Eight years later—and lacking one notable founder—the firm’s debut fund is struggling to live up to that promise, generating an investment multiple of just 1.15x and an internal rate of return of 4.2 percent as of Sept. 30, 2011, according to the Oregon Public Employees Retirement Fund. (Diamond Castle marks the fund at a gross 1.4x investment multiple.) Altogether, the firm invested in 14 companies, about five of which were either total losses or struggled and have since recovered.
Diamond Castle executives are confident that a batch of well-performing recent investments will help juice the performance and convince investors they should give the firm another chance with a sophomore fund. Ultimately, they believe the debut fund could post an investment multiple of 2x. In particular, the firm had a good year in 2010, according to sources close to the firm, returning close to $200 million to investors through two dividend recapitalizations. “We will raise another fund,” a senior partner told Buyouts.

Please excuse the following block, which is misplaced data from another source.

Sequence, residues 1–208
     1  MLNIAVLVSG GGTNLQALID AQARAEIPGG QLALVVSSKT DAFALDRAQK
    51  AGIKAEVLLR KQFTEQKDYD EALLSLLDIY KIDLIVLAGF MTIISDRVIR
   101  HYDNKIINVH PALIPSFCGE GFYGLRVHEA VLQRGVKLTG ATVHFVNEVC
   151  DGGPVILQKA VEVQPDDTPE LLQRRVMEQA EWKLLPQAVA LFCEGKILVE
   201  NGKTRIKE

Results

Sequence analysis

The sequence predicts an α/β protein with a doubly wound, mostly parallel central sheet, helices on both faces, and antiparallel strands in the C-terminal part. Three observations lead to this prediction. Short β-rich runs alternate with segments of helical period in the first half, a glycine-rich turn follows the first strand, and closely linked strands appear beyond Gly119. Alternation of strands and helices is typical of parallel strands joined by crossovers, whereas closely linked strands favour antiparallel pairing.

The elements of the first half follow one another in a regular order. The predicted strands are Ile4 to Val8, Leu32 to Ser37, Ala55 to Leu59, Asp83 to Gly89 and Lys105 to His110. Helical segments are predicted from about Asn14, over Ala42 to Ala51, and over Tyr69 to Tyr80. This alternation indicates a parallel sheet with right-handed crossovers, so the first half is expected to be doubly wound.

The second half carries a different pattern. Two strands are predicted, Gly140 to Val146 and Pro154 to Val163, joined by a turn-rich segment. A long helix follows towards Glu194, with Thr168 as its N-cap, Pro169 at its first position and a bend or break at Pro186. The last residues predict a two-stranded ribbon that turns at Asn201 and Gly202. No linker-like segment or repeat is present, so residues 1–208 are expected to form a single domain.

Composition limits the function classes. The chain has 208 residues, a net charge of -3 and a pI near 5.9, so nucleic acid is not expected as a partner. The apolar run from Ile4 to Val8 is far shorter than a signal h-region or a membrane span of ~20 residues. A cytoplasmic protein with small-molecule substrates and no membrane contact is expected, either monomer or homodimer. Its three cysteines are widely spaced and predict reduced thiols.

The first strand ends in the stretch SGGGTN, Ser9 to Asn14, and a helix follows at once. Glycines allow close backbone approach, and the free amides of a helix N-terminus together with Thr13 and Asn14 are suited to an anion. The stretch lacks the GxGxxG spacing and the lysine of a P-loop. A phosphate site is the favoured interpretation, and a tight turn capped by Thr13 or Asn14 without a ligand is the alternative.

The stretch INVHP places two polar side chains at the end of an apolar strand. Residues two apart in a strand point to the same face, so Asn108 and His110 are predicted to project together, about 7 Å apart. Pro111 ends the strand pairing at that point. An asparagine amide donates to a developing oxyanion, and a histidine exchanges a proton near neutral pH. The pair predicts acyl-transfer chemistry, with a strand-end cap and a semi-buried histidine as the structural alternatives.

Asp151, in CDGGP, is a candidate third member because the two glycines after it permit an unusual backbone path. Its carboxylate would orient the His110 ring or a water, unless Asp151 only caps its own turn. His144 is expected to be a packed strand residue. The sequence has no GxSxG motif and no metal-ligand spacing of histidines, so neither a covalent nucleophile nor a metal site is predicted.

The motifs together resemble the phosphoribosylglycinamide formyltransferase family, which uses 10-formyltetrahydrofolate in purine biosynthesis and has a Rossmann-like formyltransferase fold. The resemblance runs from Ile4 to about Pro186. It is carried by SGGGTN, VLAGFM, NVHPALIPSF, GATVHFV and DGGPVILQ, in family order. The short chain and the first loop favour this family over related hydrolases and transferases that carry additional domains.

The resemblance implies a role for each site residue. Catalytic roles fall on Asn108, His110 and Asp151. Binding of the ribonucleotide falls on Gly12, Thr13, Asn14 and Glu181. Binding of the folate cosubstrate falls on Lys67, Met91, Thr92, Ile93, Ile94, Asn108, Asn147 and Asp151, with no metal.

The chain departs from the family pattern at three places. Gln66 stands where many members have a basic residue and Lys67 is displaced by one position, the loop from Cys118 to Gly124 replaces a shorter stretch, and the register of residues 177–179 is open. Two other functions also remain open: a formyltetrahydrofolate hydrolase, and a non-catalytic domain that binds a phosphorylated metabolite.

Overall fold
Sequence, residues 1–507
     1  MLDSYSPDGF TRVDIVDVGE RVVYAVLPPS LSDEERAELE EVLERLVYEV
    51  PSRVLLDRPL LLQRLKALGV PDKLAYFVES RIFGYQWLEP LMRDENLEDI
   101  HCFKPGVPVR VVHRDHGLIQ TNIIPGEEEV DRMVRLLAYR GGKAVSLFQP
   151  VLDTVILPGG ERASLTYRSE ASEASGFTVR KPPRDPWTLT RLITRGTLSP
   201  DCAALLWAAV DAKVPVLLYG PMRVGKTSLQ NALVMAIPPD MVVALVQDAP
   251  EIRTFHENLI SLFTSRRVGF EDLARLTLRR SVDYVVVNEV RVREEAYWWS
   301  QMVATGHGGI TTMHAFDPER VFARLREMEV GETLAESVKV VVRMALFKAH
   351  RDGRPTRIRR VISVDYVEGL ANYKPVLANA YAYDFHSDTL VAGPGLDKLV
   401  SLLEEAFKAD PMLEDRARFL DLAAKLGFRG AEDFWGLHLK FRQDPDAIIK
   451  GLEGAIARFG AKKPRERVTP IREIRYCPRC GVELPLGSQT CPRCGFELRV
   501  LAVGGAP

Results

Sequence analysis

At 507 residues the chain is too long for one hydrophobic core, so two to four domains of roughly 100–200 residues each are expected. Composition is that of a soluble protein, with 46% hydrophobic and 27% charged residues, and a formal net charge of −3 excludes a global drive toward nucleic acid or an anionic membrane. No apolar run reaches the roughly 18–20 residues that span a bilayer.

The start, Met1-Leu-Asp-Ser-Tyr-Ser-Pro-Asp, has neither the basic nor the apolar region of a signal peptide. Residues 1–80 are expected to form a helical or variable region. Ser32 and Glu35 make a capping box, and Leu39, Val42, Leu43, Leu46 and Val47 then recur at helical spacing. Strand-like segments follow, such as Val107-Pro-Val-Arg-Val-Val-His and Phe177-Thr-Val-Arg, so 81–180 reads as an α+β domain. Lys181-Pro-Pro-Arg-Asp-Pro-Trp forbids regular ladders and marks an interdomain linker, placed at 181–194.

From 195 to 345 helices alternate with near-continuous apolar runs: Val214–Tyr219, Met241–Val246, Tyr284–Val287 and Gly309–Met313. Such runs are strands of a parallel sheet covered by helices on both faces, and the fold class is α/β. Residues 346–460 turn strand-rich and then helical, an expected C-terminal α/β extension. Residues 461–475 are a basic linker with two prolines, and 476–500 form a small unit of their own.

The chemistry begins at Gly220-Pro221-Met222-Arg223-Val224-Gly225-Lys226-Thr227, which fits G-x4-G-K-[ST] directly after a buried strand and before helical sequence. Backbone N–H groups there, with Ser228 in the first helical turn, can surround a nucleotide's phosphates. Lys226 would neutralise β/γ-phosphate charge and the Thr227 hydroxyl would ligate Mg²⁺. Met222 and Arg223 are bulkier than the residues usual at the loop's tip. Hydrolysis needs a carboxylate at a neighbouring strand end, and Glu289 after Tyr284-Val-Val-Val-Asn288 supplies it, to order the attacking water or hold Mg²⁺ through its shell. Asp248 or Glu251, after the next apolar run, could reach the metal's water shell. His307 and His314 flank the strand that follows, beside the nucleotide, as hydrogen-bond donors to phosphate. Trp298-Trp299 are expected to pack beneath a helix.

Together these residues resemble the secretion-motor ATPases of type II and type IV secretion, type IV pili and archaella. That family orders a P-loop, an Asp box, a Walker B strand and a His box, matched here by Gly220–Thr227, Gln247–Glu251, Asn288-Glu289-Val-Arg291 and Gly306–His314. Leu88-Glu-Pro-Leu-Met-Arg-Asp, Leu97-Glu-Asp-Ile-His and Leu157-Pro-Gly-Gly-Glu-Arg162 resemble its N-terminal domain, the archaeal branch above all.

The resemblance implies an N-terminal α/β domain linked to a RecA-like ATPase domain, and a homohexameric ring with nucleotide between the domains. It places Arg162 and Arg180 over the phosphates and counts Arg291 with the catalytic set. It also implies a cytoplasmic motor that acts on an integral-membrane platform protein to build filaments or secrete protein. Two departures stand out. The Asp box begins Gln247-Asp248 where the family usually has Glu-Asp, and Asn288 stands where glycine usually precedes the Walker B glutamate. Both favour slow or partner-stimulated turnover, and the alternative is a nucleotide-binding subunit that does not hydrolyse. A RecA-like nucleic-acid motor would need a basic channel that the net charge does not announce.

Diamond Castle in some ways embodies the challenge many firms face in today’s stagnant fundraising market. According to Buyouts, U.S. buyout and mezzanine funds raised about $91 billion in 2011, compared to about $66 billion in 2009, its low point after the downturn. Investors are much more discerning today compared with 2007, when such firms secured more than $300 billion. With hundreds of funds in the market, how do you convince LPs to back another fund if you already have some strikes against you, Great Recession or not?
“I think they have a future,” said one investor, who noted that the fund is performing in line with other funds from that vintage. “It depends on their expectations—what they’re going to try to raise. But fundraising’s been more difficult lately, and people look for reasons not to commit.”
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